The end of Tribunal Chairmen

Friday 30 November 2007 at 5:51 pm | In News | Post Comment

Their title is being changed.

From tomorrow, employment tribunal chairmen become known as Employment Judges.

This change, which has received virtually no publicity, is contained in para. 36 of Schedule 8 to the Tribunals, Courts and Enforcement Act 2007.

Barristers, what people think of them

Wednesday 28 November 2007 at 12:12 am | In News | Post Comment

BarristerA new poll for the Bar Standards Board has found that barristers are not as unpopular as they think they are. Solicitors, for instance, think they provide good or excellent advice – but they’re not much good at small talk.

Times article, here

Standard powers for Police Community Support Officers

Sunday 25 November 2007 at 10:24 pm | In News | Post Comment

arms.gifThe Home Office has announced new powers that are to be given to Police Community Support Officers under the Police Reform Act 2002 (Standard Powers and Duties of Community Support Officers) Order 2007.

There are to be more consistent rules, including:

* a new minimum age of 18 years
* consistent powers in all forces across the country
* common equipment and uniforms.

A set of 20 standard powers for PCSOs will take effect in all forces on 1 December. These powers will include the right to:

* confiscate alcohol in public places
* issue fixed penalty notices for anti-social behaviour
* seize drugs

In addition, PCSOs will also be able to draw on further powers at the discretion of their chief constable.

These can include the right to:

* detain people suspected of offences
* issue fixed penalty notices for disorder, including misuse of fireworks and graffiti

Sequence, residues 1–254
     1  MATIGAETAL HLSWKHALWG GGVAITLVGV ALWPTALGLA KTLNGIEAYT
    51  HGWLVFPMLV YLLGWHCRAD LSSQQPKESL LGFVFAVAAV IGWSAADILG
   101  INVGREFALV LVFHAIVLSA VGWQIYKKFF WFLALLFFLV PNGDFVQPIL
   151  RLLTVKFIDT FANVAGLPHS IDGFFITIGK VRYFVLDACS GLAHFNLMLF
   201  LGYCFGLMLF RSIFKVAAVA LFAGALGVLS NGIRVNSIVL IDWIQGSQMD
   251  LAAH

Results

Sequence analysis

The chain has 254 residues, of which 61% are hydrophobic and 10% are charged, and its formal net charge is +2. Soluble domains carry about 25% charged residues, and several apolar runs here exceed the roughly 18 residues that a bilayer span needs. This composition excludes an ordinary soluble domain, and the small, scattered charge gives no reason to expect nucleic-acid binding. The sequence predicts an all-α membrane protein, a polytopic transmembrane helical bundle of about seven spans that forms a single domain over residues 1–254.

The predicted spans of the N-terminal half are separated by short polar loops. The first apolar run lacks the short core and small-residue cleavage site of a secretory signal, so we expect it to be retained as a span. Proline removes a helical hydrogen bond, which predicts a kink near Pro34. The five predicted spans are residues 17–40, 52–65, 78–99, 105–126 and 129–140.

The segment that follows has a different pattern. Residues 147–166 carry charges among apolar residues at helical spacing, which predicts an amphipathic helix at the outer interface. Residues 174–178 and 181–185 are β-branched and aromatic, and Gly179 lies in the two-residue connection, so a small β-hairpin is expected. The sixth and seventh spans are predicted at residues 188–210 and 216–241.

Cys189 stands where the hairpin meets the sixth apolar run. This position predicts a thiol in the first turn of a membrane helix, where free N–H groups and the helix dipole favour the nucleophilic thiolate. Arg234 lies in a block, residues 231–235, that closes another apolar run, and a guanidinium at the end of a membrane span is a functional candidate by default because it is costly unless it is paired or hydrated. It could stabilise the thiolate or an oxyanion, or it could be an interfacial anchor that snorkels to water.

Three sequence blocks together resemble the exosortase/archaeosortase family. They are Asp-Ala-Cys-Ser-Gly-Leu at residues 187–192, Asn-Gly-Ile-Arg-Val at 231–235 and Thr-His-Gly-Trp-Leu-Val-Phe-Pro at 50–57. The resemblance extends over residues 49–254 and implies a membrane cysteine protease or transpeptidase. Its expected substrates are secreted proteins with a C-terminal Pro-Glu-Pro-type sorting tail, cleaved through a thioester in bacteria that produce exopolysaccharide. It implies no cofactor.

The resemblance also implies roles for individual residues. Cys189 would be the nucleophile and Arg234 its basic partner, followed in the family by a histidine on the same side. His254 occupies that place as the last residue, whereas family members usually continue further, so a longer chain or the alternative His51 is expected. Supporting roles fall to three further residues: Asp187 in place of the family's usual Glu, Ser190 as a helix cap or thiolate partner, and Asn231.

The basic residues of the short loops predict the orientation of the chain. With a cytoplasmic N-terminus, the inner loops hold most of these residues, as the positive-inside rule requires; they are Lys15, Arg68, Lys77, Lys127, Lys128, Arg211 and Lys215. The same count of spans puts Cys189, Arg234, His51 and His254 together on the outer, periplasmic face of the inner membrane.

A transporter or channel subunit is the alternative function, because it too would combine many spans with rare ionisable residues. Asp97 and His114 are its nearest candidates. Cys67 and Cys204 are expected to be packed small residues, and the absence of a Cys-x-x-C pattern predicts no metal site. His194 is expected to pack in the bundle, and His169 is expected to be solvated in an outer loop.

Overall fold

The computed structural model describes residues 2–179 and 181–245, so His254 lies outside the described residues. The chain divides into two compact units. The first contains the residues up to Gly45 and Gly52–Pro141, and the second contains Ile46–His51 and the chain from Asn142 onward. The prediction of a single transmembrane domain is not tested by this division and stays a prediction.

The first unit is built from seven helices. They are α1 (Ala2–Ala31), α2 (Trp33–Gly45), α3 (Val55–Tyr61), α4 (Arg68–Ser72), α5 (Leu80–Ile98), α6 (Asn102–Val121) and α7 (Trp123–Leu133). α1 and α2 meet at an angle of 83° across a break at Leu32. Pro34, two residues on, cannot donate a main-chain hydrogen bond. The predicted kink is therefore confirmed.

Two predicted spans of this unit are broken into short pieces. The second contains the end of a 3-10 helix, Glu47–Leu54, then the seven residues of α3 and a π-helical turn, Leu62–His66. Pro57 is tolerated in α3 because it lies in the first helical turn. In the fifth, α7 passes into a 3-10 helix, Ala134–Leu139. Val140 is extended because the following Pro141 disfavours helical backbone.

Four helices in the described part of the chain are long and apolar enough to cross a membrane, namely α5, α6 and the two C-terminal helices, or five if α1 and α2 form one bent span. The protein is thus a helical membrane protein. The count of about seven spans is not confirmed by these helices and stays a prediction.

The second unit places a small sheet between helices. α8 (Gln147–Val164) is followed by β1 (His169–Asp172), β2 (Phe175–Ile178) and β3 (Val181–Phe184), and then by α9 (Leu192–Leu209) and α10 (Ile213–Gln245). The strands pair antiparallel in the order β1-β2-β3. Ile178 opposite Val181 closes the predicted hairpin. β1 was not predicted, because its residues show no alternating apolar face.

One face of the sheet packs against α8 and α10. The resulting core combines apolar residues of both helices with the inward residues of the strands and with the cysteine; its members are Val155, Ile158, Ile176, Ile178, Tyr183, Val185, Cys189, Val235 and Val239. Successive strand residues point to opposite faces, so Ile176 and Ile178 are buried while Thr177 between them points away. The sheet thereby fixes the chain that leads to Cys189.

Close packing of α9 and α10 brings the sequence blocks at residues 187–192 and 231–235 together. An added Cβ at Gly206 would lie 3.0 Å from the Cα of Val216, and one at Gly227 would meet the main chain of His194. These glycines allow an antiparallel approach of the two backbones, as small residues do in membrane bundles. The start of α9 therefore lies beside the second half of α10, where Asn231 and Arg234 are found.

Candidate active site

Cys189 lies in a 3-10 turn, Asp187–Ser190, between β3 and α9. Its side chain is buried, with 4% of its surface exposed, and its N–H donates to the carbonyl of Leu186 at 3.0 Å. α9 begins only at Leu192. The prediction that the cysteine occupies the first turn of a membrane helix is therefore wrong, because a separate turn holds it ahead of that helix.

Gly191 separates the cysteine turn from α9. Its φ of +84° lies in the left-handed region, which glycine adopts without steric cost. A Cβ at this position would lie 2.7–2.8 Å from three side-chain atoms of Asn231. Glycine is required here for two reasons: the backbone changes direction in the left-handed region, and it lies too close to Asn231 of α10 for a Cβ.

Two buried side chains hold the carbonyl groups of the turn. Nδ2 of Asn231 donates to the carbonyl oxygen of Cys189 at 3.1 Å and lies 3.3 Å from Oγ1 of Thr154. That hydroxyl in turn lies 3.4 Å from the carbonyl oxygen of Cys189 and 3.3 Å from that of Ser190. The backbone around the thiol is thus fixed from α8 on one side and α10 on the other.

* search those suspected of carrying dangerous items

10,000 prisoners have been freed

Sunday 25 November 2007 at 9:19 am | In News | 1 Comment

More than 10,000 prisoners have been freed under an early-release scheme since June. 300 have been put back because they breached the terms of their release of for re-offending.

Later this week the government will announce the recommendations of the Carter Report into the prison system. He is expected to recommend:
Scales tilt • prisoners sentenced to less than six months only serve their time if there is room for them in jail;
• a two-tier system, with “federal prisons” for high-risk offenders and “community prisons” for the rest;
• closure of 15 women’s jails, to be replaced by smaller secure units.

Last week the prison population stood at 81,454, down slightly from the record of 81,547 set the previous week. There were 197 convicts being held in police cells because jails were full.

Next week, the Ministry of Justice will disclose the number of foreign nationals in English and Welsh prisons and the average length of prison sentences handed out last year.

Telegraph article, here

Appeal Court orders judge to stand down

Friday 16 November 2007 at 8:23 pm | In News | Post Comment

A High Court judge, Mr Justice Singer was ordered to step down from a divorce case for saying a Saudi sheikh might “depart on his flying carpet”; his evidence was “gelatinous … like Turkish Delight”, and the sheikh should be available for hearings at this “relatively fast-free time of the year”, and that he should appear so that “every grain of sand is sifted”.